Glenn Tilbrook announces tour for foodbanks and comes to @KomediaBath on Thu 28th March @glenntilbrook @TrussellTrust

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Singing for his supper. Squeeze’s lead singer Glenn Tilbrook tells us why on his latest tour, he’ll be raising money and awareness for The Trussell Trust, the anti-poverty charity and foodbank network.

Almost three years ago, deep in the heart of the BBC, Glenn Tilbrook was preparing to perform with his band Squeeze on The Andrew Marr Show. Sitting on the coach, ready to listen, was former Prime Minster of Great Britain, David Cameron. At the last minute Glenn changed the lyrics of ‘Cradle To The Grave’ (hit single from the band’s 15th studio album), to sing: “I grew up in council housing, part of what made Britain great. There are some here who are hellbent, on the destruction of the welfare state.” 

Glenn is in fine form after a long day of press interviews. Not just a political Machiavellian who reels off soundbites and headlines, Glenn has made an effort to inform himself greatly, and it’s how he came across The Trussell Trust – the charity he will be raising money for on his upcoming UK Tour.  It’s clear to see in the way he talks about it that, for him, this is a new raison d’être.

“I watched a programme on the iPlayer about foodbanks, and it really stayed with me. The grinding desperation of people who don’t have enough food to put on the table for their kids. Anyone can end up in that situation and I’m ashamed that in 2018 our politicians can’t come up with a better solution.”

The Trussell Trust is an anti-poverty charity that supports a network of over 420 foodbanks across the UK. In 2017-2018, 1,332,952 three day emergency food supplies were provided to people referred to foodbanks in The Trussell Trust’s network, a 13% increase on the previous year.

“I just wanted to help The Trussell Trust and what they do with coordinating collections and distribution. It’s just a very practical solution to a heart-breaking problem.”

Audience members will be able to donate non-perishable foods and other essential items at most venues, where they’ll be collected by the local foodbank. All merchandise profit will also be going to The Trussell Trust, including a new four track EP. “It’s going to contain at least two new songs. I want it to be really stripped back and just me singing and playing because I’ve never really done that before.” Ever the musical tinkerer, Glenn’s voice rises in excitement at the prospect of trying new things out on the road, “I’m definitely putting some more deep songs of my own in, I know that. I’m going to play a couple of songs with [backing] tracks too – I’ve never done that before! I saw Emerson Snowe, who’s an Australian singer-songwriter, and he did that and I thought ‘wow this really works’. If it’s just an interlude where you’re playing and suddenly you have the sound of a full band coming out of nowhere, it’s quite interesting and it breaks the flow up in a way that I like.”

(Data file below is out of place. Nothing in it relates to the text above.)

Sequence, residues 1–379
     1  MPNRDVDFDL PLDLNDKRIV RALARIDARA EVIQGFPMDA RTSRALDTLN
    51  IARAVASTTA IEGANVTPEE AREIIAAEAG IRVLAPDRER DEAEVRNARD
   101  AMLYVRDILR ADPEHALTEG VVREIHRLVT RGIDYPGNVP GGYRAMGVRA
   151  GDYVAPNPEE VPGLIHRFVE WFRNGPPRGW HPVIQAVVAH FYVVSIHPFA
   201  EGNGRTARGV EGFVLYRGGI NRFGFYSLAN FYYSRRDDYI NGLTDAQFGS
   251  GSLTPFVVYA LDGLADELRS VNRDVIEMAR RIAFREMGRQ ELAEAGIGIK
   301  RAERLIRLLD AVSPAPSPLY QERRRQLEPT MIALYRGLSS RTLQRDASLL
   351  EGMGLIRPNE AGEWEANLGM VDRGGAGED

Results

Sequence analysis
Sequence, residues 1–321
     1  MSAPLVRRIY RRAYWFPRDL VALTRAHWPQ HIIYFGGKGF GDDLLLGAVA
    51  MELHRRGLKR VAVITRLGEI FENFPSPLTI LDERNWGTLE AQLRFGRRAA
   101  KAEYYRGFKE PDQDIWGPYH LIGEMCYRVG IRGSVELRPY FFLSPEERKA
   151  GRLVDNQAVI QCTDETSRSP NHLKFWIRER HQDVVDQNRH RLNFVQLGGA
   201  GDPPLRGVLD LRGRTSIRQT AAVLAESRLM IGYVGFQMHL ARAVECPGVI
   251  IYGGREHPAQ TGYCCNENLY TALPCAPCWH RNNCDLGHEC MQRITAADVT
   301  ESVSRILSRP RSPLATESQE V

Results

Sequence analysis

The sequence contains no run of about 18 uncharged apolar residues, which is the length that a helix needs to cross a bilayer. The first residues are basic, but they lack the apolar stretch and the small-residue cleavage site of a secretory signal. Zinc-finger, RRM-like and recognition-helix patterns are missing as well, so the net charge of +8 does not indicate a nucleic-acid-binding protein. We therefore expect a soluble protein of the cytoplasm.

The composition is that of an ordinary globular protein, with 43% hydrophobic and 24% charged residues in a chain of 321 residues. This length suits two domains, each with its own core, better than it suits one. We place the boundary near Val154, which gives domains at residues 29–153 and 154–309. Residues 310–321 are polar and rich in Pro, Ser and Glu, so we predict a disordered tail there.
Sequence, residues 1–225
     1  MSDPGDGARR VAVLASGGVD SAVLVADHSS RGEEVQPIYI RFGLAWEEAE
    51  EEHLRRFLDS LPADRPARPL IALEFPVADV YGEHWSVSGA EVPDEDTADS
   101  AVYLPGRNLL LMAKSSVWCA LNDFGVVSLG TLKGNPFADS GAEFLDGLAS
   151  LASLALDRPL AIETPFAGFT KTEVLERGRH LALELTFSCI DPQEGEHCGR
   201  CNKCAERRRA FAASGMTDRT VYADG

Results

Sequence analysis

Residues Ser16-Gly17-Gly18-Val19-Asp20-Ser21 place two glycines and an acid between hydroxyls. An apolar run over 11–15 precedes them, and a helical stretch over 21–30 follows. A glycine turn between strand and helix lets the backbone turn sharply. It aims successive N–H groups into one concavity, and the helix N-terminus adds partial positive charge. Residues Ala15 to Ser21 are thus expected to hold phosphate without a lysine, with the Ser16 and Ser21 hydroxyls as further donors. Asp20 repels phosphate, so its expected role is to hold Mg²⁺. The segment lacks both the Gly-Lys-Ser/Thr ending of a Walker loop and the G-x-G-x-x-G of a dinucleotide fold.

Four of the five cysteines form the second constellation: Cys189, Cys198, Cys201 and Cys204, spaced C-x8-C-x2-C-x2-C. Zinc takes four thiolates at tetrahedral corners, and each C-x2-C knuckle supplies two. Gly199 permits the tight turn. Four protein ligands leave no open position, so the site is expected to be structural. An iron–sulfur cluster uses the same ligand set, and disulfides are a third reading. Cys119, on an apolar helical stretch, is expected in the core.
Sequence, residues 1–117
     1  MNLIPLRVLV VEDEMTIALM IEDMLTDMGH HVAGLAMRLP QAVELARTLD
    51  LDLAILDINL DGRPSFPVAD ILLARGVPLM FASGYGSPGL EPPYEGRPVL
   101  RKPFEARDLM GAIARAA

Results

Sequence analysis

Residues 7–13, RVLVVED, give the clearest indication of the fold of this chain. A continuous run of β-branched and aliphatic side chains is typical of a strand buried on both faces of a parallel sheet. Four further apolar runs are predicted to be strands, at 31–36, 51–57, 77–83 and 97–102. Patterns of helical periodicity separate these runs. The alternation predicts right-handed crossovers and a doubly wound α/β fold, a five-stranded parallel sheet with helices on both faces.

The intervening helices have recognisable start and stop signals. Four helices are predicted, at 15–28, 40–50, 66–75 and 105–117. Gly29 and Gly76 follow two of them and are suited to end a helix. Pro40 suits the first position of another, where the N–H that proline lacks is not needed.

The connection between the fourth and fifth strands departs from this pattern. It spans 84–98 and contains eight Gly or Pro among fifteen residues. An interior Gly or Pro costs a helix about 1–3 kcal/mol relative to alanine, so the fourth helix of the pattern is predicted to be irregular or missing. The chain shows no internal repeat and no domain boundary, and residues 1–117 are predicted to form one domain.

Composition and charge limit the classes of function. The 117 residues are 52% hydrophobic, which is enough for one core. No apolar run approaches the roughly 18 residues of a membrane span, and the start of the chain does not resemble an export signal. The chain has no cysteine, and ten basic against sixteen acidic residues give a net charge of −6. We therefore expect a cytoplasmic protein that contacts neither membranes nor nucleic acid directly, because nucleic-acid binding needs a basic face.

Glenn is quick to admit that foodbanks, however good, are not the definitive answer to a larger crisis.

“I think there’s a demonization of poor people that’s been going on too long, where they somehow seem as spongers if they don’t have enough money,” Glenn is more solemn now. “I grew up in council housing and my parents can remember when being poor was an awful stigma. You had no help from the government, and we seem to be gradually wending our way back to that position.”

Do you think it’s a sense of apathy?

Maybe apathy on the part of people that let this sort of thing happen, but I don’t think its political apathy,” he pauses. “I think it’s sort of an agenda – not to create poverty – but poverty is the by-product of a totally free market society.”

There’s a point to be made, that while some of Squeeze’s later records have been extremely politically charged (cuts like ‘A&E’ and ‘Rough Ride’ from 2017’s ‘The Knowledge’ are a call to arms for the country’s welfare departments), their early records are just as poignant.

“I think the politics of songs like Labelled With Love and Up The Junction were more personal, but coming from a similar place.”

From a similar place of the troubles of the ordinary working person?

“Exactly that. Honestly, ‘Up The Junction’ could be a Trussell Trust story you know?”

Begging may not be his business, but Glenn comes across as someone making a genuine and concerted effort to better his fellow man, and all power to him. In the age of celebrities getting involved in politics, Glenn is putting his money where his mouth is, and singing for not just his own supper this autumn.

Glenn Tilbrook tours the UK this autumn and spring. Tickets are available from

Food donated at the venues will be collected and distributed to the nearest Trussell Trust foodbank.


Foodbanks provide a minimum of three-days’ nutritionally balanced, non-perishable tinned and dried foods that have been donated by the local community. list of items in a typical food parcel are: cereal, soup, pasta, rice, tinned tomatoes/pasta sauce, lentils, beans and pulses, tinned meat, tinned vegetables, tea/coffee, tinned fruit, biscuits, UHT milk and fruit juice. If possible audience members are asked to check with local foodbanks to see what supplies are currently needed.


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